• The Point Reyes Beach as viewed from the Point Reyes Headlands

    Point Reyes

    National Seashore California

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  • Bear Valley Visitor Center Lighting Retrofit:

    Due to safety concerns during the installation of new LED lights, sections of the Bear Valley Visitor Center's exhibit area may be closed through the end of July. More »

  • The Kenneth C. Patrick Visitor Center will be closed on Saturday, July 26.

    We are sorry for any inconvenience, but the Kenneth C. Patrick Visitor Center at Drakes Beach will be closed on Saturday, July 26. It will open at 10 am on Sunday, July 27.

Wildland-Urban Interface

The Wildland-Urban Interface along the park's border.

The wildland-urban interface is where natural areas border human communities.

This wildland-urban interface has become a major focus for fire management. Hazardous fuels reduction to reduce wildland fire hazards, and education about fire safety and fire ecology are high priorities. Fuels reduction and fire education are aimed at reversing trends of increased losses of homes, human-caused ignitions, and damage to natural and cultural resources.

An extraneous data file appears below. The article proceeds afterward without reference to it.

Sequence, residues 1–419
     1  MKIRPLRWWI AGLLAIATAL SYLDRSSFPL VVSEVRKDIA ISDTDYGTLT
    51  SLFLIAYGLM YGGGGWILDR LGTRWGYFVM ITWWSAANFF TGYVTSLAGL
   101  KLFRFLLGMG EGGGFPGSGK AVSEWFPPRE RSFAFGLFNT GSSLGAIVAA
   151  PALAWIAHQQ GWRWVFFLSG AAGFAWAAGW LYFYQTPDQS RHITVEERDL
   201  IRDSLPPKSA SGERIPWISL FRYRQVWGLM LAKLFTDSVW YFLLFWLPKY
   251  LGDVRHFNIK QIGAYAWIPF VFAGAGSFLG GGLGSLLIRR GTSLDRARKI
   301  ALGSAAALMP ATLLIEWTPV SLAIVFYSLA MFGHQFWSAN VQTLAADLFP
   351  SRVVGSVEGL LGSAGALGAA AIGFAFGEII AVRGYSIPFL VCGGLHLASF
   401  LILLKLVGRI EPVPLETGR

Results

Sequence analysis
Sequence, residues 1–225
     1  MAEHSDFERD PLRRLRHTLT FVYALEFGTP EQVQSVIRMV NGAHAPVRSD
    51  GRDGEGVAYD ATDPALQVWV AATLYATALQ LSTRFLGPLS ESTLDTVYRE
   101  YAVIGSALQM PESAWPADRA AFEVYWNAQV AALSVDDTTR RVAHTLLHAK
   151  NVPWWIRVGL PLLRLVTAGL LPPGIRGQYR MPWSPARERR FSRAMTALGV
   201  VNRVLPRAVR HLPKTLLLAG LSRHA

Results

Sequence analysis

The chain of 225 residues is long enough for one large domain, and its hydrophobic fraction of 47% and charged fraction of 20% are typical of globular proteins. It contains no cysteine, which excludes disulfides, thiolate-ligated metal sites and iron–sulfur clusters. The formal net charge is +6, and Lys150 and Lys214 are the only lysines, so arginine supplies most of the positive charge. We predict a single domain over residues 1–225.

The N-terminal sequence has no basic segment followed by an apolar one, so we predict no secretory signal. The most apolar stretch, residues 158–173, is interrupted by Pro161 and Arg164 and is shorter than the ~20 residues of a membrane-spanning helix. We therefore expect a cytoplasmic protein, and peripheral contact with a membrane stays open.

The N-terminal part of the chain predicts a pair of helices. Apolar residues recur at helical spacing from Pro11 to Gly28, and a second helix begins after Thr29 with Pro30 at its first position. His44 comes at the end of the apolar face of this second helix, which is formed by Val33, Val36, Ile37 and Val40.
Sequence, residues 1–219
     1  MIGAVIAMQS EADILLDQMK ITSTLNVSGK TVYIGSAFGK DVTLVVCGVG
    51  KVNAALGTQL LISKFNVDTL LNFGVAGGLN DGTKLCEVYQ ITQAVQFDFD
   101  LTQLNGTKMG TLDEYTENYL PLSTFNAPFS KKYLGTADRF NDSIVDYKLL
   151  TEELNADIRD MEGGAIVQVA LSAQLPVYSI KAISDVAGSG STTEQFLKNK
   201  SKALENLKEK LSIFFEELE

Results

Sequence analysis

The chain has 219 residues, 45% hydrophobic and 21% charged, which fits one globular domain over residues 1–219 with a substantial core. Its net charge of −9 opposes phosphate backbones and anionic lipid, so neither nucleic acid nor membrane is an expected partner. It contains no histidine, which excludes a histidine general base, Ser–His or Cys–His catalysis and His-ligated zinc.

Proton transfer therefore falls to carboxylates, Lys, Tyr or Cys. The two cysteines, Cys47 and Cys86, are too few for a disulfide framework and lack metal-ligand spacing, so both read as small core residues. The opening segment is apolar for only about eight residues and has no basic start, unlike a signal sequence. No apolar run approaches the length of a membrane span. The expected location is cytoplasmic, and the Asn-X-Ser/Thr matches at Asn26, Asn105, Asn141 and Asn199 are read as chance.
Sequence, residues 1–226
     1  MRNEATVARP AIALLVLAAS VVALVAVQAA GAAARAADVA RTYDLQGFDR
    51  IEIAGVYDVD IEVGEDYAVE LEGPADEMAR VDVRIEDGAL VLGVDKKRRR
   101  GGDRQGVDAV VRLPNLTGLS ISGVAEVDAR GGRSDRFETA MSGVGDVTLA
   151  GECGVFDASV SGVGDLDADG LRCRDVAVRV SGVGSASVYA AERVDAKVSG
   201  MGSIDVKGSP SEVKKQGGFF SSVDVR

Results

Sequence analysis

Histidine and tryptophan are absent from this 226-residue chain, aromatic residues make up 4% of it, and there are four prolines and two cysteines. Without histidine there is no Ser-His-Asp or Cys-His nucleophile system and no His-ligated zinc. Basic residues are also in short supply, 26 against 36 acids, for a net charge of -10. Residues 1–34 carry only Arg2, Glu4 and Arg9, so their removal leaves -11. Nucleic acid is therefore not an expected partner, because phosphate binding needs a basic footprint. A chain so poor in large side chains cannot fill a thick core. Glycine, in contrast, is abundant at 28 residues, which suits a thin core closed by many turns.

The Wildland-Urban Interface Initiative (WUII) was authorized by Congress in 2001 in conjunction with the National Fire Plan. It provides funding to reduce hazardous fuels on federal lands and assist communities with wildland fire protection. Community partnerships with land management agencies are emphasized in this initiative. WUII funding is allocated through both the Department of the Interior and the Department of Agriculture.

The National Park Service has formed a cooperative agreement with FIRESafe MARIN, to identify and fund community wildfire protection projects in developed areas bordering Point Reyes National Seashore and Golden Gate NRA.

See also:

Community Wildfire Protection Projects
Fire Education

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Did You Know?

Four tidewater gobies (small brackish-water fish) in a hand. Credit: Cassandra Brooks/NPS.

Since the restoration of the Giacomini Wetlands in 2008, the tidewater goby--a federally endangered brackish-water resident fish species--has not only been observed in the newly restored channels and ponds, but in Lagunitas Creek, where it had previously not been documented since 1953. More...